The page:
The JLPT exam
The Japanese-Language Proficiency Test is a standardized criterion-referenced test to evaluate and certify Japanese language proficiency for non-native speakers, covering language knowledge, reading ability, and listening ability. The tests are generally held in July and December in cities around the world.
The JLPT has five levels: N1, N2, N3, N4, and N5. The easiest level is N5 and the most difficult level is N1. N4 and N5 measure the level of understanding of basic Japanese learned in class. N1 and N2 measure the level of understanding of Japanese used in a broad range of scenes in actual everyday life. The test usually measures skills through testing reading and writing comprehension.
Note that due to COVID-19, dates for the JLPT have been adjusted and/or canceled.
Applying to a Japanese university
In Japan, the academic year begins in April and ends in March. Students generally enroll in April, however, some universities allow entry in October. Japanese universities require an entrance examination for privately financed foreign students.
Here are some of the requirements for general eligibility for an undergraduate degree program for international students:
- Completed 12 years of school education in your home country. Your transcript is required
- No immigration issues that interfere with your entry into Japan or with your study in Japanese university
- Examination for Japanese University Admission for International Students (EJU)
|University of Tsukuba||Waseda University|
|Hitosubashi University||Keio University|
|Tokyo Metropolitan University||Meiji University|
|Tokyo University of Foreign Studies||Sophia University|
|The University of Tokyo||Waseda University|
|Hitosubashi University||Keio University|
|Tokyo Metropolitan University||Meiji University|
|Tokyo University of Foreign Studies||Doshisha University|
Applying to a Japanese university
Not ready for a full-on university course? These schools focus on specific areas of occupational study. Entrance requirements vary, but Japanese language schools are aware of these institutions and can help you prepare.
Here are a few vocational schools that stand out in their industries:
- Bunka Fashion College
- Tokyo Mode Gakuen
- HAL Tokyo
- Tsuji Culinary Institute
- Hattori Nutrition College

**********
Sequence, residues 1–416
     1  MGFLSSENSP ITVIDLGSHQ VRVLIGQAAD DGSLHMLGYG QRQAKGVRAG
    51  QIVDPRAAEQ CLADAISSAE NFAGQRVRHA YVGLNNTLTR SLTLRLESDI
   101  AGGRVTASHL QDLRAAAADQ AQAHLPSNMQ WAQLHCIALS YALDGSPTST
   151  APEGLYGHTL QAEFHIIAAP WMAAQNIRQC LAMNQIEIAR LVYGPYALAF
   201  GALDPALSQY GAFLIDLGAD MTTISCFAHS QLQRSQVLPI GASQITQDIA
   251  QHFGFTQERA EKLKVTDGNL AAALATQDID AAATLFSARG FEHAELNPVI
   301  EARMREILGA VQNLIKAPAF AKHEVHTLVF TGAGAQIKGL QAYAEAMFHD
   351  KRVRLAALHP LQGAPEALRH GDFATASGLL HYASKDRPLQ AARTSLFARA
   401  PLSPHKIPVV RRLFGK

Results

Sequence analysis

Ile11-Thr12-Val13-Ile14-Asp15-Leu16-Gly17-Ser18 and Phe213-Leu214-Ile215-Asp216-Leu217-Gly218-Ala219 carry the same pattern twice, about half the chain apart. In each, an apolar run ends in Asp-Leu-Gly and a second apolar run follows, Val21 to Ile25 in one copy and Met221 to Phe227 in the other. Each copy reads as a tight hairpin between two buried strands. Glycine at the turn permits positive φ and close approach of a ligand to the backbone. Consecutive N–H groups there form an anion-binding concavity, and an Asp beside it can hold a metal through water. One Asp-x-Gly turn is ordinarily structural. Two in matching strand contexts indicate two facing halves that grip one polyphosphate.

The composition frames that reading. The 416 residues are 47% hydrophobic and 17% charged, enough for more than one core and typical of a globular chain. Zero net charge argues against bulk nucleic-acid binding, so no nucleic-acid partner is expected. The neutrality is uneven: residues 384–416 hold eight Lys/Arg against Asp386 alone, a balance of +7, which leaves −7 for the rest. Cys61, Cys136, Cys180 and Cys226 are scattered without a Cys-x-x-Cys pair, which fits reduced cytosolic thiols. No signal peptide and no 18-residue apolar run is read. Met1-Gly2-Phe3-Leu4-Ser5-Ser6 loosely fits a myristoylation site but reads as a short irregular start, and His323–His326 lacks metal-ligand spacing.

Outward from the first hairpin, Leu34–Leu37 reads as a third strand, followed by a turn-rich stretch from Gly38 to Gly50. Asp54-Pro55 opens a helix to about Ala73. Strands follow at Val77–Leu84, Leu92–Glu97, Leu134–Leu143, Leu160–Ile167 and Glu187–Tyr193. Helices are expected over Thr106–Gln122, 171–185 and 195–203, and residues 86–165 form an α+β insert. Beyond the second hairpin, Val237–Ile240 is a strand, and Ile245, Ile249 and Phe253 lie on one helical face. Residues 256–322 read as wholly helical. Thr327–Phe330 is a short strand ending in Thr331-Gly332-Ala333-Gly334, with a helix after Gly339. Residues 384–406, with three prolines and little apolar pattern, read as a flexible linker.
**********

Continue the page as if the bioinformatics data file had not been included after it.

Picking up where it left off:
- Toho Gakuen Media Training College
There are many different types of vocational schools so do some research and you’ll find a school that fits your passion!
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Studying Japanese on your own
There is always the extremely cheap option of learning Japanese on your own, but it’s a daunting process. Remember that you need to study one to three hours each day to make progress. Learning Japanese is not a sprint but a marathon. Consistent study for several hours a day over multiple years is the only way to learn Japanese (at least until some Matrix-like invention allows us to download language abilities). If after reading this article you still want to try it solo for a while, we have some tips for you.
If after reading this article you still want to try it solo, check out our ultimate guide on how to self-study Japanese for more tips!
Common Misconceptions About Japanese Language Schools
|You need a student visa to study at a Japanese language school||You only need a visa for a long-term study period, which is three or more months|
|Only kids can become fully bilingual||Adult language learners can become native-like speakers of their target language|
|Japanese language schools teachers are strict and mean||Many Japanese teachers are wonderful, patient, and very kind to their students|
|Japanese is the hardest language to learn||All languages have difficult areas. Japanese comes easier to some students than others, and some students may know Chinese or Korean which have similar parts. Many of the sounds in Japanese also exist in English. However, as long as you're passionate about learning, you can definitely master the language!|
|You won't need to do homework||Homework is very real at a Japanese language school|
|Japanese language schools will only teach me to speak||Depending on which school you visit you’ll most likely be doing university entry test prep|
How do you know which Japanese language school is right for you?
The first thing you need to know is that there is no one best Japanese language school. Every language school offers different methods of teaching and coursework, and a school that appeals to one person may not appeal to another. Some schools provide support for job seekers while others focus their curriculum and support on students who want to enter a Japanese university. Other schools provide Japanese speaking courses, while the majority focus purely on reading, writing, and kanji.
It’s important to find a good school for many reasons. You don't want to be sent home because the school doesn't meet your needs and you stop attending. If the school violates immigration requirements for student management, they could have their ability to sponsor a student visa revoked, which hurts you. The rules are also stricter if you are working over the twenty-eight-hour limit, or doing night work such as bartending or hosting.
Know your learning priorities